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= Gerrit Code Review - Superproject subscription to submodules updates
== Description
Gerrit supports a custom git superproject feature for tracking submodules.
This feature is useful for automatic updates on superprojects whenever
a change is merged on tracked submodules. To take advantage of this
feature, one should add submodule(s) to a local working copy of a
superproject, edit the created .gitmodules configuration file to
have a branch field on each submodule section with the value of the
submodule branch it is subscribing to, commit the changes, push and
merge the commit.
When a commit is merged to a project, the commit content is scanned
to identify if it registers git submodules (if the commit registers
any gitlinks and .gitmodules file with required info) and if so,
a new submodule subscription is registered.
When a new commit of a registered submodule is merged, Gerrit
automatically updates the subscribers to the submodule with a new
commit having the updated gitlinks.
== Git Submodules Overview
Submodules are a git feature that allows an external repository to be
attached inside a repository at a specific path. The objective here
is to provide a brief overview, further details can be found
in the official git submodule command documentation.
Imagine a repository called 'super' and another one called 'a'.
Also consider 'a' available in a running Gerrit instance on "server".
With this feature, one could attach 'a' inside of 'super' repository
at path 'a' by executing the following command when being inside
git submodule add ssh://server/a a
Still considering the above example, after its execution notice that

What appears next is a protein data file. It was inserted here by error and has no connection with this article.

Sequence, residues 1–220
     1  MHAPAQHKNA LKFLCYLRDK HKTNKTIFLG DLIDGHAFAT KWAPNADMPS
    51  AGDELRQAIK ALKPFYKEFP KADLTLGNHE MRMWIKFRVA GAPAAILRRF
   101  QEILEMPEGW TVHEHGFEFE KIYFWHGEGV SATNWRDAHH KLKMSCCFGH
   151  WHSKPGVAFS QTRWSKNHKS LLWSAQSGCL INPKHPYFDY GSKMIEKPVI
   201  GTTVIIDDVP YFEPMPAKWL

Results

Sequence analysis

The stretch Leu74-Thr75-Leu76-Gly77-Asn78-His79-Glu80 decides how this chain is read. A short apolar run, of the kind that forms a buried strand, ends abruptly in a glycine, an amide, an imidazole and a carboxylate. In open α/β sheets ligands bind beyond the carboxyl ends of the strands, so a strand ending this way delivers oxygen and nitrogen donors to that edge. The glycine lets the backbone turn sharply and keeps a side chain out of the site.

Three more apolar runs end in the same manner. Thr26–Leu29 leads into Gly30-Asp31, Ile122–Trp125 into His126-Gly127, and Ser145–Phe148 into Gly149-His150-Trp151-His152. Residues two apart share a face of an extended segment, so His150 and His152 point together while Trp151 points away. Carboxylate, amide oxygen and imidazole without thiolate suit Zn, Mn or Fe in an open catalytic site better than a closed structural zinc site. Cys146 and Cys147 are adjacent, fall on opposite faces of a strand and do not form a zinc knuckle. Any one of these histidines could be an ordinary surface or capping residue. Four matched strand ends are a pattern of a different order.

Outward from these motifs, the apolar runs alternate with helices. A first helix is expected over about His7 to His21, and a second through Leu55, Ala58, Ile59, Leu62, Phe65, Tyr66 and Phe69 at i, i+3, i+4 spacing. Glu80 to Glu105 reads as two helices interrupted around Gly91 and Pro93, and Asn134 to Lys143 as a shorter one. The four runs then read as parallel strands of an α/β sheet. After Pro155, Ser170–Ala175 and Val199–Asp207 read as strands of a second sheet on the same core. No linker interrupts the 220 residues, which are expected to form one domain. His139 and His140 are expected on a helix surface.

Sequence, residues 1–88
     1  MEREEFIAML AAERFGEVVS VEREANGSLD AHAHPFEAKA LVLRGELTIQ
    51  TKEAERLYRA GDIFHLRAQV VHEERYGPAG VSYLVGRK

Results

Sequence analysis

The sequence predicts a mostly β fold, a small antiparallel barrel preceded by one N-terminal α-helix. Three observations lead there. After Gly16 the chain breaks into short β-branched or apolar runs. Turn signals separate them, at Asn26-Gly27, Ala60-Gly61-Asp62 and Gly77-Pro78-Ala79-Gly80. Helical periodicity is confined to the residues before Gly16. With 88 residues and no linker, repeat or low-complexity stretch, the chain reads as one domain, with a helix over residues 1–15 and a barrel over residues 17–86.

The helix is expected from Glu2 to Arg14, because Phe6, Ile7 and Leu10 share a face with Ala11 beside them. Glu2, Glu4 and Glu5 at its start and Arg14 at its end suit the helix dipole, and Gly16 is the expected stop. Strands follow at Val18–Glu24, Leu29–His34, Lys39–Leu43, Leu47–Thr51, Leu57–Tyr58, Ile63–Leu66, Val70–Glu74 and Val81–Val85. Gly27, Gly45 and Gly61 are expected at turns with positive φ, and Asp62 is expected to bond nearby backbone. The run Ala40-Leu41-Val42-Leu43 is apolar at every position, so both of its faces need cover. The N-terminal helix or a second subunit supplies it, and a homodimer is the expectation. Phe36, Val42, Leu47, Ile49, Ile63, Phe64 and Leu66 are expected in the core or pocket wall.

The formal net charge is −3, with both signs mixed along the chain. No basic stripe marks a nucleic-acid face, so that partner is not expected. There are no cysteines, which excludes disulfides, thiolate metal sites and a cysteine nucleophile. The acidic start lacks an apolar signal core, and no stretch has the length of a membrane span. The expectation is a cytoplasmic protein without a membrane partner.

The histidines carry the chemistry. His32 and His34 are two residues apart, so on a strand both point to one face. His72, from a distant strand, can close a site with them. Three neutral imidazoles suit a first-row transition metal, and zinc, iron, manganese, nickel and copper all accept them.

inside the local repository 'super' the 'a' folder is considered a
gitlink to the external repository 'a'. Also notice a file called
.gitmodules is created (it is a configuration file containing the
subscription of 'a'). To provide the SHA-1 each gitlink points to in
the external repository, one should use the command:
git submodule status
In the example provided, if 'a' is updated and 'super' is supposed
to see the latest SHA-1 (considering here 'a' has only the master
branch), one should then commit the modified gitlink for 'a' in
the 'super' project. Actually it would not even need to be an
external update, one could move to 'a' folder (insider 'super'),
modify its content, commit, then move back to 'super' and
commit the modified gitlink for 'a'.
== Creating a New Subscription
=== Defining the Submodule Branch
This is required because submodule subscription is actually the
subscription of a submodule project and one of its branches for
a branch of a super project.
Since Gerrit manages subscriptions in the branch scope, we could have
a scenario having a project called 'super' having a branch 'integration'
subscribed to a project called 'a' in branch 'integration', and also
having the same 'super' project but in branch 'dev' subscribed to the 'a'
project in a branch called 'local-dev'.
After adding the git submodule to a super project, one should edit
the .gitmodules file to add a branch field to each submodule
section which is supposed to be subscribed.
As the branch field is a Gerrit specific field it will not be filled
automatically by the git submodule command, so one needs to edit it
manually. Its value should indicate the branch of a submodule project
that when updated will trigger automatic update of its registered
The branch value could be "'.'" if the submodule project branch